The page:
In our study, we carried out morphological observation and molecular identification to determine its species. The results of this study provide a fundamental basis for identifying parasites in yellowfin tuna and other fish, expand people’s understanding of parasites, and lay a foundation for the occurrence and prevention of parasites. The complete mitochondrial genome sequence of Pennella sp. provides primary data for understanding the genomic diversity and evolution of fish copepods as well as for studying new genetic markers for population genetics and species identification.

Materials and Methods

Source of Materials

In our study, the parasite-attached yellowfin tuna was caught near Xincun Harbour, Hainan, China (E108°80’17’’, N18°50’15’’). Figure 1 showed the offshore area where this yellowfin tuna was caught. It was artificially fished and transported to the Tropical Aquaculture Research and Development Center, South China Sea Fisheries Research Institute, Chinese Academy of Fishery Sciences. The parasite-infected yellowfin tuna was found to be on the verge of death. The parasite was found in the muscles near the dorsal fin of the dying yellowfin tuna. We carefully collected it on the surface of the fish with tweezers and carefully observed it in a clean petri dish.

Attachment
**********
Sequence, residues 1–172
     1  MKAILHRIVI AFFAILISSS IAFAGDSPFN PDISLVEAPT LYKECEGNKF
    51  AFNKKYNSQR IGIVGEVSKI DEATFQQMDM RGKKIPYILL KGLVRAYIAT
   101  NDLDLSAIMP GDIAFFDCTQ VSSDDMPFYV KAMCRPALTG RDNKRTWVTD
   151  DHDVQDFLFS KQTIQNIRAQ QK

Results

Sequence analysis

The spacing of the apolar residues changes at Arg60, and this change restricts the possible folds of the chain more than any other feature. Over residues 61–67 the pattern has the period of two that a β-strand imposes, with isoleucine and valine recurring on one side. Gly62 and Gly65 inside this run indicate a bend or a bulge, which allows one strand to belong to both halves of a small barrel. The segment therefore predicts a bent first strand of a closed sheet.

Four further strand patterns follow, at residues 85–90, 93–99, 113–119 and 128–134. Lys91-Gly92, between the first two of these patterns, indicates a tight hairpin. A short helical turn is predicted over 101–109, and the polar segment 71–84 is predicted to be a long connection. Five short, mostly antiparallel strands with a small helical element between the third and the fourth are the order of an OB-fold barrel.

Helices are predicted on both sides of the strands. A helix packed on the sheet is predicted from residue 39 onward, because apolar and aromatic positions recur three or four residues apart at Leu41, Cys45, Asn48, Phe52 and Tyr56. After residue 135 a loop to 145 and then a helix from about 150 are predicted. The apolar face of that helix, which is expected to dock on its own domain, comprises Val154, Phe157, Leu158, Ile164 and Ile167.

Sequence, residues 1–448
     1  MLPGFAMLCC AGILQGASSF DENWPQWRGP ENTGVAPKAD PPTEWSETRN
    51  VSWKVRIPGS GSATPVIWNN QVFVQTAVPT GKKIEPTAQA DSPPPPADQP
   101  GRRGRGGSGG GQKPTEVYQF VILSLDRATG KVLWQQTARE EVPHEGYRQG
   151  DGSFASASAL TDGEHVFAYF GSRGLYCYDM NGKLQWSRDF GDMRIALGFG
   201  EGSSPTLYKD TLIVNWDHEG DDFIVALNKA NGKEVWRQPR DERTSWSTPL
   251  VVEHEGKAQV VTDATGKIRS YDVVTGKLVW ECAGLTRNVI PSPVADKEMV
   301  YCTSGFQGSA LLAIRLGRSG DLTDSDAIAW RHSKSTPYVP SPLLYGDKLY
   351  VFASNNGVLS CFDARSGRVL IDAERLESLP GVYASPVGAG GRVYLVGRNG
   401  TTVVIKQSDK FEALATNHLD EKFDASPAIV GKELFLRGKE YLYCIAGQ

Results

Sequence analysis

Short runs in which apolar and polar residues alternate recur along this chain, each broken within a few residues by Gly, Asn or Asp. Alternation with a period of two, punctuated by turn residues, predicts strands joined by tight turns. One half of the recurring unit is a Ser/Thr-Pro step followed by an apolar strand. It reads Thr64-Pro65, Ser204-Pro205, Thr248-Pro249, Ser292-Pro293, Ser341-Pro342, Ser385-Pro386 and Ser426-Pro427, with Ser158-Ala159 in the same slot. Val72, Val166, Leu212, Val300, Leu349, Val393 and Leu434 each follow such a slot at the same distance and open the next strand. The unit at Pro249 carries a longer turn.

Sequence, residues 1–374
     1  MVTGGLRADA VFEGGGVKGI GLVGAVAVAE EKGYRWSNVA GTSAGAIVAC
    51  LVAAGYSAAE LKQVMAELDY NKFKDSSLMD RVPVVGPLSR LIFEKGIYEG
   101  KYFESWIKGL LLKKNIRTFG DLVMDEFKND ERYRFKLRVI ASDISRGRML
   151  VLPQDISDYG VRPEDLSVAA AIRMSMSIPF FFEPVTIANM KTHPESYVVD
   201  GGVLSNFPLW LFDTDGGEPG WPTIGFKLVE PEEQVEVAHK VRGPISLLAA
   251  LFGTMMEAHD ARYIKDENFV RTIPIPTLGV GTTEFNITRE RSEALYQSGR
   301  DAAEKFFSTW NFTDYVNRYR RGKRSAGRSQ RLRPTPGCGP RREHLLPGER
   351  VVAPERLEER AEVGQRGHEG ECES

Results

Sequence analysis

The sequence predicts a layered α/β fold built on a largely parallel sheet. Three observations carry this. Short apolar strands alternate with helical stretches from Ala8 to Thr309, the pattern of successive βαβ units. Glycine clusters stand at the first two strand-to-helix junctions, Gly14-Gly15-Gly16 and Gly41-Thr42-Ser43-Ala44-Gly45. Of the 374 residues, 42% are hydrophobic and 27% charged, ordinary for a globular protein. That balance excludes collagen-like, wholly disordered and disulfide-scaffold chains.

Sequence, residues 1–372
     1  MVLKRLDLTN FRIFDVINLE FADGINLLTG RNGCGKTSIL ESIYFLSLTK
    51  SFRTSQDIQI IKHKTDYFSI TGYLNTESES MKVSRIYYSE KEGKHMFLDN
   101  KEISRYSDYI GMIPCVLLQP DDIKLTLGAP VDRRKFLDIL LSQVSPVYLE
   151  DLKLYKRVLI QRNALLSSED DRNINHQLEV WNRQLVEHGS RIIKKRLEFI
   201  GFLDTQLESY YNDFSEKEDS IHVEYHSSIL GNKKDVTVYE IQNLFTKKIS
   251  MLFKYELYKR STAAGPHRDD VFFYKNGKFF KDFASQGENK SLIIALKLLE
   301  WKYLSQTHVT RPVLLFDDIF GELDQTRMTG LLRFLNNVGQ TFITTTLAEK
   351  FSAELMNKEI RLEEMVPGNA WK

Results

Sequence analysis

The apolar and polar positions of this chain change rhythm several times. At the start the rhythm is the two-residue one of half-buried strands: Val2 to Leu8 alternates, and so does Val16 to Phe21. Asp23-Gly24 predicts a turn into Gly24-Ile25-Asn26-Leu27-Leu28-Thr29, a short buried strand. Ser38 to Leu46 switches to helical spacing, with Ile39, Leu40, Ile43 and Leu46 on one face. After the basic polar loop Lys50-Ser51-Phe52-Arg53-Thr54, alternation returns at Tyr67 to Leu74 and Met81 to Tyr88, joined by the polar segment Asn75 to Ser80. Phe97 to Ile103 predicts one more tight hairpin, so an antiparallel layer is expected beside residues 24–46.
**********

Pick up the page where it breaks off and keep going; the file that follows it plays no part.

Figure 1 Sampling point bitmap, the sampling point is “*” in the figure.

Morphological Observation and Whole Mitochondrial Genome Sequencing of Pennella sp.